The Angels will pitch their staff ace in Monday's series opener against the Red Sox, one day after an illness scratched him from his regularly scheduled start. Weaver has been the American League's most dominant pitcher this season, vaulting to a 6-0 record and a 0.99 ERA through six rotation turns.
Weaver has thrown six quality starts, and his illness will allow the Angels to pair him back to back with Dan Haren. That duo has earned a win in 10 of the team's 15 victories, and according to the Elias Sports Bureau, Weaver and Haren are the first pair of teammates to enter May with four wins and an ERA under 1.25 since Phil Niekro and George Stone in 1969.
And that's not even the most impressive statistical precedent being mentioned around Weaver's start. If he had managed to start and win on Sunday, he would have been the first pitcher since Sadie McMahon -- who went 9-0 by April 30 for the Baltimore Orioles of the American Association in 1891 -- to manage seven victories on or before the first day of May.
But it wasn't meant to be, and manager Mike Scioscia explained what happened.
"He came in today, and I think if this was the seventh game of the World Series, I think you'd see him out there trying to pitch," said Scioscia of Weaver, who is 2-4 with a 4.40 career ERA against the Red Sox. "But I think one more day of getting some fluids in him, all day tomorrow, we'll see how he feels. He should be ready to go tomorrow night."
The Red Sox, coming off a series loss to the Mariners, will match Clay Buchholz -- who was also bumped from a Sunday start to Monday due to illness -- up against Weaver in the series opener. Buchholz, who won 17 games last season, has lost three of his first four decisions in 2011. The right-hander allowed 12 hits in a 4-1 loss to Baltimore in his last rotation turn, and he's completed six innings just twice in five starts.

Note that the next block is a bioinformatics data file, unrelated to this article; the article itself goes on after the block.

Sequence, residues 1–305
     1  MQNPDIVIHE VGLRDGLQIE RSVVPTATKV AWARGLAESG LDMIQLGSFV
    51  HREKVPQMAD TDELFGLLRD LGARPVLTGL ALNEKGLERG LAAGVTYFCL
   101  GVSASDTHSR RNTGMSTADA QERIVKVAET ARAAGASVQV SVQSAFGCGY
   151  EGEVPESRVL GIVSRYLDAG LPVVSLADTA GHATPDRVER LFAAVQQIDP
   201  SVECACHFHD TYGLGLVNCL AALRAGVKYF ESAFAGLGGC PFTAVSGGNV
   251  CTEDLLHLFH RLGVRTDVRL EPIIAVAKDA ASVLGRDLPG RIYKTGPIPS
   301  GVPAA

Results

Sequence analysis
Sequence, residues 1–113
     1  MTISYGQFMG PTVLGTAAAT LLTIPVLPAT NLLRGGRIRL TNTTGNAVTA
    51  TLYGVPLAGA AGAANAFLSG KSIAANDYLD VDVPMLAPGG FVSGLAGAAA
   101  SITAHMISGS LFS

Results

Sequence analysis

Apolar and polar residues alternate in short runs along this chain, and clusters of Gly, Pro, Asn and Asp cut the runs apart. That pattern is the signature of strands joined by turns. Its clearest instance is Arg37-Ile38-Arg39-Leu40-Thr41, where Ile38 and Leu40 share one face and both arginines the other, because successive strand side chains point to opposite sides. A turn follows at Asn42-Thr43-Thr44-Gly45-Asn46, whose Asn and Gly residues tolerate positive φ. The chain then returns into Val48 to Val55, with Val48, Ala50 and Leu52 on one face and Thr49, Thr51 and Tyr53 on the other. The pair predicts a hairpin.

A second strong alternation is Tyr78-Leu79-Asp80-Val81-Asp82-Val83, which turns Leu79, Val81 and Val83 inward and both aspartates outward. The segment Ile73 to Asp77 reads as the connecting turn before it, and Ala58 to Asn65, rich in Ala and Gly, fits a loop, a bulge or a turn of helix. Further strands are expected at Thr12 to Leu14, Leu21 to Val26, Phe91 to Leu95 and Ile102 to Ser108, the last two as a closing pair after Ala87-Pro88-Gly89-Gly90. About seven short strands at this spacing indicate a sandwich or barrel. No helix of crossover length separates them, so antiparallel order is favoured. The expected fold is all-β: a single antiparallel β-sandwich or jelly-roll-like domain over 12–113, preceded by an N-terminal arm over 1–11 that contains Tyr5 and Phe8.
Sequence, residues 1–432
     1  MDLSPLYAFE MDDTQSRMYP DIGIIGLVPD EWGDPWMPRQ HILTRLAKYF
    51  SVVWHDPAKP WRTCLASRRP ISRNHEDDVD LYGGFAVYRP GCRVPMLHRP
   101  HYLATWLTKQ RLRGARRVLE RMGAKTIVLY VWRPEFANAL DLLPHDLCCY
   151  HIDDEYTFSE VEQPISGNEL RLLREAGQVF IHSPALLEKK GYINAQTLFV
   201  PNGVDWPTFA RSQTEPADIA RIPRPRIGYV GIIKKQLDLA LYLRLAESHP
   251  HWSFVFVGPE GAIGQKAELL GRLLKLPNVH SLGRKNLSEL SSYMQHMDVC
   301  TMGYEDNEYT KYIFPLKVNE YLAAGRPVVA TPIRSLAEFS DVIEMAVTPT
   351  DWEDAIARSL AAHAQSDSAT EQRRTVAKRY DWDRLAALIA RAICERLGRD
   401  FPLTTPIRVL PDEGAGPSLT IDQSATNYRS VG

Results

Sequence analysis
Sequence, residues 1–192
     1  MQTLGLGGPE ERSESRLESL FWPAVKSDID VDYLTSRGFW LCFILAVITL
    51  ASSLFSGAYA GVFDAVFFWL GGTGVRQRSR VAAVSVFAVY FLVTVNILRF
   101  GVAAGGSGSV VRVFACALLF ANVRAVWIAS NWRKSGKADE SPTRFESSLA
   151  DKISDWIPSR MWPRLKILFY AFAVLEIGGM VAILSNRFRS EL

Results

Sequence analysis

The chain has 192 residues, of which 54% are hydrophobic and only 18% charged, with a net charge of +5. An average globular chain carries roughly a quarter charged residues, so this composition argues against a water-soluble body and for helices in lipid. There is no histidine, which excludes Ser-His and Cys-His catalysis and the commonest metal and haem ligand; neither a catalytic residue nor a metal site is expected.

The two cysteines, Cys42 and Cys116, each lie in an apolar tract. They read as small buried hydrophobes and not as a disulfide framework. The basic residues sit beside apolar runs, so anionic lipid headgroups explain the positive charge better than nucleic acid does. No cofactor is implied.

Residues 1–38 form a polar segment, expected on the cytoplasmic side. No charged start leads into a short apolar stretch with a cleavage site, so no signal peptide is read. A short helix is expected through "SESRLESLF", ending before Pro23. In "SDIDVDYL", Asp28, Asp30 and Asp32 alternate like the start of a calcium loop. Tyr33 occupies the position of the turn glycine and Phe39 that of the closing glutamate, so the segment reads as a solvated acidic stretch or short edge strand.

"I don't think he's taken the ball yet on the mound and had his entire feel," said catcher Jason Varitek after Buchholz's last start, "But he's battling the best he can. He's just one click away from having that feel and different touches on the ball."
Weaver, by contrast, has thrown complete games in each of his last two outings and has yet to allow more than two earned runs in any start. The right-hander has beaten the Royals, Rays, Blue Jays, White Sox, Rangers and A's, and he can take pride in knowing that six of the last seven pitchers to start 6-0 with an ERA under 1.00 went on to win the Cy Young Award.
And the Angels, who have the most road wins (10) of any Major League team, start their next series with their best arm.
"That's neither here nor there," said Scioscia of getting Weaver for the opener against the Red Sox. "We're just going to keep these guys on their schedule and whoever they come against, they come up against."
Angels: Abreu walks into record books
Veteran outfielder Bobby Abreu logged 22 walks in April to tie a franchise record set by Hall of Famer Rod Carew in 1982, and he got right back to business Sunday by drawing a walk and notching two hits. Abreu is a career .286 hitter in April and a .280 hitter in May, but he's historically surged in June (.308), July (.295) and August (.311).
Red Sox: Gonzalez heating up
Adrian Gonzalez is showing signs of life in the form of an eight-game hitting streak that has helped raise his average nearly 50 points (from .267 to .312). Gonzalez has had multihit games in four of his last eight starts, and his 11 multihit games rank in the top five of the league standings. Boston's first baseman is hitting .412 (14-for-34) during his streak.
Jacoby Ellsbury has a 10-game hitting streak going for Boston.
Niekro (4-1, 1.23) and Stone (4-1, 1.23) pitched for the Atlanta Braves when they accomplished their feat.
The Angels have 322 road wins since 2004, the most of any Major League team. Philadelphia (316) is next.
The Angels have held their opponents to three runs or fewer in 17 of their 27 games this season. They're 13-4 when that happens.
Boston has had two two-error games in the last three days.